On March 6, 2017, the Winnipeg Free Press reported that the Manitoba government was examining Saskatchewan’s experience with using Public Private Partnerships (P3s) to build new public schools. The Saskatchewan government claims that it will save $100m dollars by using P3s, although it was not explained how it arrived at that conclusion.
We do know how a similar strategy worked in Nova Scotia. Our office there did a study on the 39 schools that were built and managed under a P3 contract. According to the report: “Since the earliest days of the program in the 1990s, the P3s schools have been controversial. Cost overruns, massive private profits, mismanagement, and problems with the construction and management of the schools have all been reported”.
Those of us who, over and over again, present empirical evidence that P3s are more likely to cost the public more and deliver poorer service are distressed at the way P3s remain unaffected by the reams of research and expert opinion showing how badly they tend to perform. Our CCPA colleagues in Saskatchewan (Simon Enoch) and Nova Scotia (Christina Saulnier) make the same observation:
The CCPA has published numerous publications on the question of P3s because they have been so pervasive and so riddled with problems. There have been books written. Our organization has even published helpful guidelines outlining the 10 questions that should be asked AND fully answered before entering into these partnerships. Never are all of these questions asked and rarely are they fully answered.
In November of last year, one such report, Privatization Nation, chronicled some of the most egregious failures of privatization in Canada in recent years. We thought this to be conclusive evidence that despite 30 years of experience governments rarely seem to get privatization right, and more often get it wrong with astonishing regularity.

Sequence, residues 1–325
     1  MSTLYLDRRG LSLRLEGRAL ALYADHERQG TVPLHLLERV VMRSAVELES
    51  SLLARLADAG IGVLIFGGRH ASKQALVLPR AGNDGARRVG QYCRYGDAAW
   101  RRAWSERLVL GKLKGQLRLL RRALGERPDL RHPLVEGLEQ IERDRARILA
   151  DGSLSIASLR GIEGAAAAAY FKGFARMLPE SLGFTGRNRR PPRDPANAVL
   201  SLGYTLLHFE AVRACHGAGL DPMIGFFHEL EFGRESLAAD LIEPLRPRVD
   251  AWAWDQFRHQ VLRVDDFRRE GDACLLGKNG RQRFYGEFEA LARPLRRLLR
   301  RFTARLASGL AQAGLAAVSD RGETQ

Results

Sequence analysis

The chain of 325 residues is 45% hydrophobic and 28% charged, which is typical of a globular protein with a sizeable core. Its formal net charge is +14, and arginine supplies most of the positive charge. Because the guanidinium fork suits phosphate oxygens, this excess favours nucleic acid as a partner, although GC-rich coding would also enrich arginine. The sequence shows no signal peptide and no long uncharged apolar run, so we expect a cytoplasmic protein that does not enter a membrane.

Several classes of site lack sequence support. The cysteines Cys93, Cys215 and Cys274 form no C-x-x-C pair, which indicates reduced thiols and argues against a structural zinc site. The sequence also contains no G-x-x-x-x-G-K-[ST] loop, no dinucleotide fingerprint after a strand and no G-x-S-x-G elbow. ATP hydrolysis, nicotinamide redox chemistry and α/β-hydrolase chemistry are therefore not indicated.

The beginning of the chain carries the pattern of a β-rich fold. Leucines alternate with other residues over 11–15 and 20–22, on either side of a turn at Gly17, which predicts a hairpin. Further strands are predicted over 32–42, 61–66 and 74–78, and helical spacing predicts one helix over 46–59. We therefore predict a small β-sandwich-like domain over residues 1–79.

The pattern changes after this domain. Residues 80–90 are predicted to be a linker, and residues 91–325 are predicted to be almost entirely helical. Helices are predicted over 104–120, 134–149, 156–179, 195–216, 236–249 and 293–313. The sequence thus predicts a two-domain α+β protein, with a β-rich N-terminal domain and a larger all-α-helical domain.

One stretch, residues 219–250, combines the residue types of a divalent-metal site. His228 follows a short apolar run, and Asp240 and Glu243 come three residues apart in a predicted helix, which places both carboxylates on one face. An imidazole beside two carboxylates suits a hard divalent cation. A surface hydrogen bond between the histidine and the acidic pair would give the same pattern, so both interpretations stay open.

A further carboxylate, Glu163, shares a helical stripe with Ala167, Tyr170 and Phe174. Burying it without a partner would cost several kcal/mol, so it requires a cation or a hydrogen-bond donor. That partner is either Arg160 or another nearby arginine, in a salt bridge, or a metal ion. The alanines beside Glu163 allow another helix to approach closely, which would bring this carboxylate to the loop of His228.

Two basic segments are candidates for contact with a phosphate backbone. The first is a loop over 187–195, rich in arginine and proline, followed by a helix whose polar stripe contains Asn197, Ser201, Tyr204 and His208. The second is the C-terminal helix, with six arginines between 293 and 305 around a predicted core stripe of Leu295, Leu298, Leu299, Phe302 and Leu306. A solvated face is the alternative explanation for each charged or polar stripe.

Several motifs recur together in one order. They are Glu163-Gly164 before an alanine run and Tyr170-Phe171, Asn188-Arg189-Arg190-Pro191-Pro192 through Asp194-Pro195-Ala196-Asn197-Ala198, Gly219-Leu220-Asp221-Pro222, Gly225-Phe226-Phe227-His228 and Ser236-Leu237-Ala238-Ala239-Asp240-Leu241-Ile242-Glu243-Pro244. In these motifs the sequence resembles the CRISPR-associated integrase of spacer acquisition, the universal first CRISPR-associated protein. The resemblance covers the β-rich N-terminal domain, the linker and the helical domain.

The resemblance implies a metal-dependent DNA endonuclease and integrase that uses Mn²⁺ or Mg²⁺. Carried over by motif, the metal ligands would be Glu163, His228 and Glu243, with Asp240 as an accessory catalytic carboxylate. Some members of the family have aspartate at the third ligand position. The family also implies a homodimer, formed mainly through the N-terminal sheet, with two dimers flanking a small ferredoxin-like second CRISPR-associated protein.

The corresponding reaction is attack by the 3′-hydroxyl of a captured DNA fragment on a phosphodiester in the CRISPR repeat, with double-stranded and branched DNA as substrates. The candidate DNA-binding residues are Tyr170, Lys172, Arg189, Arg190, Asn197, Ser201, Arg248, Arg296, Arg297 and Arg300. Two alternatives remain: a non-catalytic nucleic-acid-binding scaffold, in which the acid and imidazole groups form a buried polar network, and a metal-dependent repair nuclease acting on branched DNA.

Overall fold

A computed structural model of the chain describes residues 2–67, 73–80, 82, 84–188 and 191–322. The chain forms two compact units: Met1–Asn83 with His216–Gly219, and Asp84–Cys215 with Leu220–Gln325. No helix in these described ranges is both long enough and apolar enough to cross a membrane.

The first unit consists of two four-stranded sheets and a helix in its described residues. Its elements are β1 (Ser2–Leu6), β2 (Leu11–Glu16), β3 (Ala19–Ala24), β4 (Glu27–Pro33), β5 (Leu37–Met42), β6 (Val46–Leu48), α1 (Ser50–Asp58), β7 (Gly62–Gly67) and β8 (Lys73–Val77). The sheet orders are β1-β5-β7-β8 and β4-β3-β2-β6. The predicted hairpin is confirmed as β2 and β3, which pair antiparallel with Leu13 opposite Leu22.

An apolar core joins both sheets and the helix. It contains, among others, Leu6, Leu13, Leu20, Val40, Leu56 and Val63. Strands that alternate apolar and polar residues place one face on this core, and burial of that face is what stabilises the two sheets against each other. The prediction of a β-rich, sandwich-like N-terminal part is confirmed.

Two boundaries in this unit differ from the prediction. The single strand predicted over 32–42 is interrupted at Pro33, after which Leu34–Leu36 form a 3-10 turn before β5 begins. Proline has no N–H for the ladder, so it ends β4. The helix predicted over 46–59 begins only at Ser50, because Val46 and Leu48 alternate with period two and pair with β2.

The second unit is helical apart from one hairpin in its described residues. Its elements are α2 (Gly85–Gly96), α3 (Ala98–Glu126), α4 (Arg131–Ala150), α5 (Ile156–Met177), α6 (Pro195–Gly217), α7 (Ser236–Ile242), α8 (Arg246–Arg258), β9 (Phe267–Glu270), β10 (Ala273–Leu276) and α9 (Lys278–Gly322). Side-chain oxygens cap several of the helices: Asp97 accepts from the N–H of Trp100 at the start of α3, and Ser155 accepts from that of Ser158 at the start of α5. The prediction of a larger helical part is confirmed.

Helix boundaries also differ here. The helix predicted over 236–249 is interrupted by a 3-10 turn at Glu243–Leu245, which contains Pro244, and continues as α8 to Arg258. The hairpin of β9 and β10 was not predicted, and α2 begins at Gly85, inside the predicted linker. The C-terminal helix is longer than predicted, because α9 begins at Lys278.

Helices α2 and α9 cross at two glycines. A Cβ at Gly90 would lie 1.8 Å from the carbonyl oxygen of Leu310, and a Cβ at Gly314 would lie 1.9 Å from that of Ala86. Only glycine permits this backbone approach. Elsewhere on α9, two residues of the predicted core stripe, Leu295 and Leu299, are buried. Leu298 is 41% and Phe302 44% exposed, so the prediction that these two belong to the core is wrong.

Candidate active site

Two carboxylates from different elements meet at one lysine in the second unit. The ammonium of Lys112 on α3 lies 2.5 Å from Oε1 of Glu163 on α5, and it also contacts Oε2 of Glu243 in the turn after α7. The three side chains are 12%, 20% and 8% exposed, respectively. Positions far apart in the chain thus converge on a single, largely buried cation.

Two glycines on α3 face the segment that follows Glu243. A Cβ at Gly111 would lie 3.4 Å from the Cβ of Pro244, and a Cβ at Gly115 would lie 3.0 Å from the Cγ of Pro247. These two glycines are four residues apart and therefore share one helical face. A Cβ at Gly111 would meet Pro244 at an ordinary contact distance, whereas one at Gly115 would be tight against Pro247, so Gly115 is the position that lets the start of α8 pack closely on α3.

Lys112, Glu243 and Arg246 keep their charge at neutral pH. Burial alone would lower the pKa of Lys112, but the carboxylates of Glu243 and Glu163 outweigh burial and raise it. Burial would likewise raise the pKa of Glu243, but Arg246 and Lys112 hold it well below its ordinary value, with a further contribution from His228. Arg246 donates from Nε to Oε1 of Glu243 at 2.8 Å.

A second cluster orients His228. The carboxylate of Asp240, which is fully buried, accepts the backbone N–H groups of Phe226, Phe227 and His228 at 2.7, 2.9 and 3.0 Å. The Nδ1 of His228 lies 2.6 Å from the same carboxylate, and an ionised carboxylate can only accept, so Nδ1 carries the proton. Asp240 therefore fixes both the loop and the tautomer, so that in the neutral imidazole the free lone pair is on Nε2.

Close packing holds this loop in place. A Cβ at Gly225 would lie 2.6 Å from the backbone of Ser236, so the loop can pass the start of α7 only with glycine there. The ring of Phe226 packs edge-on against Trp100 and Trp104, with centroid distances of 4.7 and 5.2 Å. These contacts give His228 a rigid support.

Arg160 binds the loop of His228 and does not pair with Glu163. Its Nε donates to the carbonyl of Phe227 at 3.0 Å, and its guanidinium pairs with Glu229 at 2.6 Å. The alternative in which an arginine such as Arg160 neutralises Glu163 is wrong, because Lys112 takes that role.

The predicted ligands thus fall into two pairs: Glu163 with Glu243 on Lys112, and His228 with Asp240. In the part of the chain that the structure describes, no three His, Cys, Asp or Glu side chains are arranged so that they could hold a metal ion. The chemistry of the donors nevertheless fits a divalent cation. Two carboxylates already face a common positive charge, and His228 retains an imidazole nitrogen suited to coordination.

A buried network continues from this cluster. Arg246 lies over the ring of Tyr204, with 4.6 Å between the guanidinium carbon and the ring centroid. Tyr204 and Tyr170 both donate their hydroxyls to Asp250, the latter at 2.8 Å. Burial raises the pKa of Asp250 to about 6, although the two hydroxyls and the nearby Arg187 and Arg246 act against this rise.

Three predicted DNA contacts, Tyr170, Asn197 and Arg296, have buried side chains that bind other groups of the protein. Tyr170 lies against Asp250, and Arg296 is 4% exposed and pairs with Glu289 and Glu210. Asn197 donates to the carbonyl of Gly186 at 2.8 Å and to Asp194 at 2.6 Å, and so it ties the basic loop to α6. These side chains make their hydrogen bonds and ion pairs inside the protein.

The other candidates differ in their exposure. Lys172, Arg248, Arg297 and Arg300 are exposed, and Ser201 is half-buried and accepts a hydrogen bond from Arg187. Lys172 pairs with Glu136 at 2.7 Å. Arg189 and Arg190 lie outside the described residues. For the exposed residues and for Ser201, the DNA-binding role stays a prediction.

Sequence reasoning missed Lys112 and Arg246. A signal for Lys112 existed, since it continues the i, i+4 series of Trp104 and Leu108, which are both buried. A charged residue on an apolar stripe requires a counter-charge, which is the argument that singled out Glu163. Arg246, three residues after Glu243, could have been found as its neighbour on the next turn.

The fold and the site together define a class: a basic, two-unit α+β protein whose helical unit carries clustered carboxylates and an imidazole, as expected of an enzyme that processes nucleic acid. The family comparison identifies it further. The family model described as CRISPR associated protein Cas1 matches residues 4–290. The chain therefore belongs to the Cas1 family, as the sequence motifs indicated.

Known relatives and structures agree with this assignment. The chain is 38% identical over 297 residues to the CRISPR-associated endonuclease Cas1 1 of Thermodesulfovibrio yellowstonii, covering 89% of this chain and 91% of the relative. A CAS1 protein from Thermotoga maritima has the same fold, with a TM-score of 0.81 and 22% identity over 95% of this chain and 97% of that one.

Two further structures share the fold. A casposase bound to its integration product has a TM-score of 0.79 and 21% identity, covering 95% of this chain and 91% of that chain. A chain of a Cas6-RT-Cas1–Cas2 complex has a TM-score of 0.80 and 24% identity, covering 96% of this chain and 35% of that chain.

Why does such a bad idea keep haunting us? The “10 questions” piece sheds some light on the mystery:
Part of the reason that P3s have become so prevalent is because of the efforts of a strong P3 lobby group made up of such entities as the Canadian Council for Public Private Partnerships (CCPPP). Membership on this council includes construction companies, and consulting companies such as Deloitte and Touche (which was hired by the City of Winnipeg to opine on its plans to P3 its waste-water treatment plant and water service). This lobby group publishes reports that depict P3s in glowing terms and consultants such as Deloitte and Touche do not, to our knowledge, ever find a P3 proposal wanting.
P3s remain immune to evidence, reason and logic because a very powerful corporate Canada is spinning them hard. And why wouldn’t they? They stand to profit handsomely from these deals (they wouldn’t be interested if they didn’t); but it is this very profit motive that sets the stage for poorer service and/or higher prices, especially because corporations must pay more that governments to borrow money. Once again: the research is abundant . Why is the media ignoring it?